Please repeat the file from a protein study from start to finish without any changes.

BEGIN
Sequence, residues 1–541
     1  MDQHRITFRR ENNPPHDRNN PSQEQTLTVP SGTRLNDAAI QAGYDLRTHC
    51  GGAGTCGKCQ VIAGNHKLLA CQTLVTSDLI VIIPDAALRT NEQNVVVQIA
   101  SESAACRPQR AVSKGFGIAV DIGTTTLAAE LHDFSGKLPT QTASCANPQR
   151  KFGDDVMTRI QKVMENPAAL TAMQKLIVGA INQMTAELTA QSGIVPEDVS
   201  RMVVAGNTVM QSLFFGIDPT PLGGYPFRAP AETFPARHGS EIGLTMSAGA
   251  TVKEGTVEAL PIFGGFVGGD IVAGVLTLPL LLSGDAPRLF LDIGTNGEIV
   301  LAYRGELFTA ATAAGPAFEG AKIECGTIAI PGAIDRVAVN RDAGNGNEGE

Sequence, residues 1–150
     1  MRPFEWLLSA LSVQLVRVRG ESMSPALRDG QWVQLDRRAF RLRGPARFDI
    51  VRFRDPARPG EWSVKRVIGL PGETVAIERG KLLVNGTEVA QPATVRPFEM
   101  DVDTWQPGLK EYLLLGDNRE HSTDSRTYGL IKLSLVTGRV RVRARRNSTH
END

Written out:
Sequence, residues 1–541
     1  MDQHRITFRR ENNPPHDRNN PSQEQTLTVP SGTRLNDAAI QAGYDLRTHC
    51  GGAGTCGKCQ VIAGNHKLLA CQTLVTSDLI VIIPDAALRT NEQNVVVQIA
   101  SESAACRPQR AVSKGFGIAV DIGTTTLAAE LHDFSGKLPT QTASCANPQR
   151  KFGDDVMTRI QKVMENPAAL TAMQKLIVGA INQMTAELTA QSGIVPEDVS
   201  RMVVAGNTVM QSLFFGIDPT PLGGYPFRAP AETFPARHGS EIGLTMSAGA
   251  TVKEGTVEAL PIFGGFVGGD IVAGVLTLPL LLSGDAPRLF LDIGTNGEIV
   301  LAYRGELFTA ATAAGPAFEG AKIECGTIAI PGAIDRVAVN RDAGNGNEGE

Sequence, residues 1–150
     1  MRPFEWLLSA LSVQLVRVRG ESMSPALRDG QWVQLDRRAF RLRGPARFDI
    51  VRFRDPARPG EWSVKRVIGL PGETVAIERG KLLVNGTEVA QPATVRPFEM
   101  DVDTWQPGLK EYLLLGDNRE HSTDSRTYGL IKLSLVTGRV RVRARRNSTH